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September 12, 2012

They're Not "Thru" Yet


It's either a nightmare or no big deal, depending on the point of view. Speakers of divergent opinion addressed the East Hampton Town Board last Thursday night on the concept of closing the Miller Lane neighborhood to through traffic.

For George Cafiso, it's a nightmare. He has lived on Indian Hill Road for 40 years, and traffic has become so intense, he said, "We can't get out of our own driveway in the morning."

Motorists looking to bypass the Cedar/North Main Street intersection in East Hampton, he said, enter his subdivision and drive like it's a "speedway." He said neighbors are afraid to let their children play outside and the drivers coming through are rude. He wants the town board to make his road a one-way street so drivers can't access it from North Main Street.

Louise and David Cheney feel differently. They live on the first house on Miller Lane, and, according to Louise, their driveway is often used as a turnaround. "David and I are okay with that," she said. The roads belong to the public, and by Tuesday morning after Labor Day she reported, "There was no traffic."

Louise Cheney said she would hate to see the roads restricted for such a seasonal problem. "If we could just be patient," she said, adding, "It is difficult and it is inconvenient and it is short term." Extra summer traffic is part of living in the community, she pointed out. She opposes the closure of the lanes to non-residents, because, "They're everybody's roads."

David Cheney explained that he and his wife decided to come to town hall that night because a neighbor had come to their door with a petition looking to close off the roads to through traffic. "These streets are for everybody," he emphasized. Cheney characterized the summer congestion as "not a big problem." If drivers are prohibited from turning off Cedar Street onto Miller Lane, traffic will back up all the way to Cooper Lane, he predicted.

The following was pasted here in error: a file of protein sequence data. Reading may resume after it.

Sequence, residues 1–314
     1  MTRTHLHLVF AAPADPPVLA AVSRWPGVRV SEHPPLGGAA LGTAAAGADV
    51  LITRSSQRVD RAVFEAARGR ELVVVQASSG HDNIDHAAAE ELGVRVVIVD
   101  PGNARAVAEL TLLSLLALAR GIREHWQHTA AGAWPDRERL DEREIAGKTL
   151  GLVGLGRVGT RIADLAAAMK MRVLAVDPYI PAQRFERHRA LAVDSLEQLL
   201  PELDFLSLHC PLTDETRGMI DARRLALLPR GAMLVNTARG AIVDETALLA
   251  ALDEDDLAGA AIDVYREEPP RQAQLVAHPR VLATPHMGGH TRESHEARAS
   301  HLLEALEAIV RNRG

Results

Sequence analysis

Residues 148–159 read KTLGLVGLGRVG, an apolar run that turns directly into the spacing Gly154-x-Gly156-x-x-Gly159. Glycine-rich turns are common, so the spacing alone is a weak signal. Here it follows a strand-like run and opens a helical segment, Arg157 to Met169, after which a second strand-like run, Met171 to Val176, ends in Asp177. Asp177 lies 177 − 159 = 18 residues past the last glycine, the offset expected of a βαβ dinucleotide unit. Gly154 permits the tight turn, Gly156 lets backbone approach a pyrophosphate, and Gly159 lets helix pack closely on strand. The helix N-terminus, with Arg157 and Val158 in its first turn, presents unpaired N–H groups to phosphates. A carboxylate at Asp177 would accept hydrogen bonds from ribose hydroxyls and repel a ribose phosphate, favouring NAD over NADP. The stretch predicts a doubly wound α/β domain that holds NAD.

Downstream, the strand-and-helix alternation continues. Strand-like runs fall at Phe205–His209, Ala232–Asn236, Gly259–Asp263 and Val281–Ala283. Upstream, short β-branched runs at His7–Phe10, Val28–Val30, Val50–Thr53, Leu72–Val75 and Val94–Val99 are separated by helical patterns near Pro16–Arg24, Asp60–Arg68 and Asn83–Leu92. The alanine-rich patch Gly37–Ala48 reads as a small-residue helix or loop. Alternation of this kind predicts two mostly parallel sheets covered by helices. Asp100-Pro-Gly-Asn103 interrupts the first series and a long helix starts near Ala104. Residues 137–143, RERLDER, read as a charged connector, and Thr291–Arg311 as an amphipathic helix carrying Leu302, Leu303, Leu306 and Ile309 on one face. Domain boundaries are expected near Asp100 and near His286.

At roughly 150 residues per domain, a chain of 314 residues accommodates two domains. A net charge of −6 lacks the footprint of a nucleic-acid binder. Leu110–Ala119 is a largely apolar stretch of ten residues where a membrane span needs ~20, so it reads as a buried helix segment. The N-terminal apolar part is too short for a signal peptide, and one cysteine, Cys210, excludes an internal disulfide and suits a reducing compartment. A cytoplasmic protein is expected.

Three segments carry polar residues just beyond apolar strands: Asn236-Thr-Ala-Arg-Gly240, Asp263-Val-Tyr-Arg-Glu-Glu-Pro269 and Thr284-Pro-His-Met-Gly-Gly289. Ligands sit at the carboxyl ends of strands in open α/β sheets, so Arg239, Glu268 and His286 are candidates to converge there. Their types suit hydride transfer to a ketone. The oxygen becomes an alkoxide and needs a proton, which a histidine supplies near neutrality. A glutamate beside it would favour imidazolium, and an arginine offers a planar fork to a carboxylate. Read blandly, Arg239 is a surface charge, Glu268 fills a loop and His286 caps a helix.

Supervisor Bill Wilkinson said he'd observed traffic at the bottom of Indian Hill Road and was sympathetic. Although Highway Superintendent Steve Lynch has said it's illegal to close off public roads, Wilkinson said he'd spoken with Police Chief Ed Ecker and such an action would, indeed, be enforceable. Several times, the supervisor noted drivers are using the Miller Lanes as a shortcut. He didn't expand to explain why a shortcut is such an onerous thing.

Councilman Dominick Stanzione offered that his concern is safety. David Cheney countered that piling up traffic on the main roads would be "disastrous," and ultimately impact safety as drivers become frustrated with the gridlock.

Board members agreed to discuss the issue further at their next work session, slated to be held as The Independent went to press yesterday. Still, they passed a resolution to hold a public hearing on the proposed restrictions later this month.

Stanzione noted the "larger issue" is traffic on North Main Street and how to improve movement there. In a conversation with The Independent following the meeting, he said crafting a longer right turn lane by eliminating a handful of parking spaces on North Main Street might be worth considering.

During the meeting, there was no testimony or discussion of closing off the Miller Lanes and Indian Hill Road to heavy truck traffic, though it is part of the proposed legislation.

A while back East Hampton Village closed lanes that feed into Cedar Street to truck traffic. With those roads also used to bypass the village, area residents asked village officials to close them to through traffic as well. They didn't support the notion, deeming the closure of public roads to the public unenforceable.

kmerrill@indyeastend.com

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